I took an unknown route, walking along a deserted stretch of straight road, gravel crunching beneath my shoes, a wall of tall grass stretching over my head banking each side. No movement, no sound of human life, only the faint hum of bees hovering around a splash of flowers budding from scraggly weeds, birds flitting between branches, and the sun high overhead.
As I looked up toward a billowy parade of clouds, I noticed the bare tips of stark pine branches like arms lifted in endless surrender. I imagined God’s watchful presence peeking over those timber shoulders, towering in the wide expanse of bluest sky.
How far should I walk into the unknown, I debated.
I have children to feed, books to read, a shower to take and a family who expects me to be present.
It was then that I noticed the beginning of a new road converging right. Intrigued by where it was leading, I was surprised by what I discovered as I walked closer.
The road was actually a driveway, the entrance to a pristine house deckled with swinging fuchsia pots on a carpet of green grass, unnoticeable from my vantage point down the road. Like opening a gift you never knew you wanted, I circled around and walked back.
It is said that Brother Lawrence experienced conversion at the age of eighteen during a midwinter walk when he happened on a dry, leafless tree standing gaunt against the snow. The presence of the tree stirred deep thoughts about changes to come with spring. He spent his life washing dishes and repairing sandals, yet earned the reputation of living in the continual presence of God.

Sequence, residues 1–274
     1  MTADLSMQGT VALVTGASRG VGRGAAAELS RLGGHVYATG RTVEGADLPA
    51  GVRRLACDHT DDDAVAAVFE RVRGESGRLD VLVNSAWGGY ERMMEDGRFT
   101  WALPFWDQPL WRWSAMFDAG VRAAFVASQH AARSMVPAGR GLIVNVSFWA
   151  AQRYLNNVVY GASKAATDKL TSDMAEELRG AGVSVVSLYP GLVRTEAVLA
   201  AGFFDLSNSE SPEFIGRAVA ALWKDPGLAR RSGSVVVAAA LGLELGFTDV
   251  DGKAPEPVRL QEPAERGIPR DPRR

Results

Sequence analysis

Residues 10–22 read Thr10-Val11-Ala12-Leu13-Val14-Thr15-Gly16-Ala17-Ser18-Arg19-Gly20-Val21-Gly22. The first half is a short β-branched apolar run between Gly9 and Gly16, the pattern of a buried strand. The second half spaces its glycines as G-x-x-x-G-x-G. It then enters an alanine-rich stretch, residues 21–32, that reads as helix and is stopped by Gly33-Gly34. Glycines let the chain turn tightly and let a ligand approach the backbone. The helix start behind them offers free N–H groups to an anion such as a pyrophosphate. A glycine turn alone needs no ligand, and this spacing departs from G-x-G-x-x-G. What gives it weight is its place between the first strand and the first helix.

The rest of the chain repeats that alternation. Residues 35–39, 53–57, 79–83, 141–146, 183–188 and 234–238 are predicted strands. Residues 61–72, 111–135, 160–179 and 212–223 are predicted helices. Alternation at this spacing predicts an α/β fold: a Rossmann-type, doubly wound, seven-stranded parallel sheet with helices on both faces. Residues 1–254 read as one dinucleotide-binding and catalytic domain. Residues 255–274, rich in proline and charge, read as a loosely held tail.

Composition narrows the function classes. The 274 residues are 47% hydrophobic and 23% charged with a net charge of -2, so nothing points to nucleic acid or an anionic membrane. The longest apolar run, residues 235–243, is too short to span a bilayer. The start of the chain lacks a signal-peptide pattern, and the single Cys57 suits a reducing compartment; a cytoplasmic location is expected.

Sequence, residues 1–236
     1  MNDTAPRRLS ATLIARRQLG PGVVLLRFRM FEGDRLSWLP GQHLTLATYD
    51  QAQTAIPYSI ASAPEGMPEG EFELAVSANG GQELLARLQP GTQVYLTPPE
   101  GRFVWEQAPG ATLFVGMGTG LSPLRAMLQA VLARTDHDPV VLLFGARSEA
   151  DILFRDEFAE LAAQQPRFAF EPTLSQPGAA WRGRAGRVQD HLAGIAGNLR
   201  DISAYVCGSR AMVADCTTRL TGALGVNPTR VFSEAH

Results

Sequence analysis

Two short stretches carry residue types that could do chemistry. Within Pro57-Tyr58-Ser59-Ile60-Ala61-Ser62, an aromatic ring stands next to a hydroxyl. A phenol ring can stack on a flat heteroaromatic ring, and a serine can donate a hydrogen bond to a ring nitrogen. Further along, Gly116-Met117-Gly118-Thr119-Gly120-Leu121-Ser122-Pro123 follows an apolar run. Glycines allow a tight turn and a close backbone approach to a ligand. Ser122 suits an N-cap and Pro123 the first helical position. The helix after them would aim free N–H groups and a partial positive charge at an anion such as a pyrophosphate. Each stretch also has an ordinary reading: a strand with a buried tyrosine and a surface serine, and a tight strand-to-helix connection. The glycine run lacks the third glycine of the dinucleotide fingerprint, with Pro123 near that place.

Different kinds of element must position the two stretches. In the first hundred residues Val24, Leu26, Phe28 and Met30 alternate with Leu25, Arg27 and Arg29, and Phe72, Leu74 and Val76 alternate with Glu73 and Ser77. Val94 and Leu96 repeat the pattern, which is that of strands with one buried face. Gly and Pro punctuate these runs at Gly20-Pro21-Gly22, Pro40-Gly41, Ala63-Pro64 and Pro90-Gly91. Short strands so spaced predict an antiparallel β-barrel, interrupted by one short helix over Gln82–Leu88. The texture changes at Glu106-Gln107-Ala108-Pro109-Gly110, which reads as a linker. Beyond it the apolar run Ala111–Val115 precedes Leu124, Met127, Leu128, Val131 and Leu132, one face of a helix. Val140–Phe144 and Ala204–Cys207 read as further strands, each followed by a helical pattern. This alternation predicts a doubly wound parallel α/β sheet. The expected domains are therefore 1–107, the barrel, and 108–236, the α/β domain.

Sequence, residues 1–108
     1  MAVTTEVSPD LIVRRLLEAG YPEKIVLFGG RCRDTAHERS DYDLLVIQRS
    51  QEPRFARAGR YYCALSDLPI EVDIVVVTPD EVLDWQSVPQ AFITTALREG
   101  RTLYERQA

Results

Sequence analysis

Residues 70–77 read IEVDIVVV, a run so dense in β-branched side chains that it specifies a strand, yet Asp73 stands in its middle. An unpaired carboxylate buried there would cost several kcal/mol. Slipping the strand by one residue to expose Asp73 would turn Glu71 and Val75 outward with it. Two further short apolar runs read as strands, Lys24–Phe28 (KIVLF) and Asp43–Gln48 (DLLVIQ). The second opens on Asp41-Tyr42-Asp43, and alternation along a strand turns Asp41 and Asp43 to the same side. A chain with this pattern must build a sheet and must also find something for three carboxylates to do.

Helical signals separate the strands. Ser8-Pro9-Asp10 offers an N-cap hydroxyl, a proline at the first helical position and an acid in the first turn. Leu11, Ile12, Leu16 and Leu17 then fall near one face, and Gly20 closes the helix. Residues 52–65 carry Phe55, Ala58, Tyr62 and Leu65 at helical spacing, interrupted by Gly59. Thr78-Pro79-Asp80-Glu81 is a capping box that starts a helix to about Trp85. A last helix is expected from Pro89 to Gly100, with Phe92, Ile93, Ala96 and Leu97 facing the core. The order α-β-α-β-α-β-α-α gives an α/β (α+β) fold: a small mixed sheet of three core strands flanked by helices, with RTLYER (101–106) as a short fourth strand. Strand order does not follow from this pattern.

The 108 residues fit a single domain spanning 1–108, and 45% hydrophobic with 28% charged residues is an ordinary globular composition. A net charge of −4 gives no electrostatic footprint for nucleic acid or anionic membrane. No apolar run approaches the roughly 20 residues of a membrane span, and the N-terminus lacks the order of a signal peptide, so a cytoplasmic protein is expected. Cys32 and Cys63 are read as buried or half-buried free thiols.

And I can’t see it but I can feel the chameleon change in the deep wells of my spirit like life returning to dry bones.
Because there is no place that God isn’t present, no destiny too distant for hope to pull us through.
What a difference it would make if we stopped limiting the sound of his voice to sermons, intentional small groups, hanging our heads over inspiring books and potlucks. And we abhorred mediocrity instead of giving in to it.
The presence of God and the manifestation of His presence are not the same thing, they are different. One is a knowing acceptance, while the other requires receptivity and action; doing something about what your soul longs to experience, cultivating surrender while remaining expectant.
We will hear him speak, when we learn to listen and desire his voice. Listening isn’t passive, it’s intentional.
If we push past the tall hedge of our insular experience, we will discover the mystery hidden from plain sight. The unexpected joy of beauty we didn’t know existed until we found courage to walk past fear into the driveway of the unknown.
We wander around looking for hope and perhaps we already possess it. We take it with us wherever we go.
Linking with Jennifer and Emily.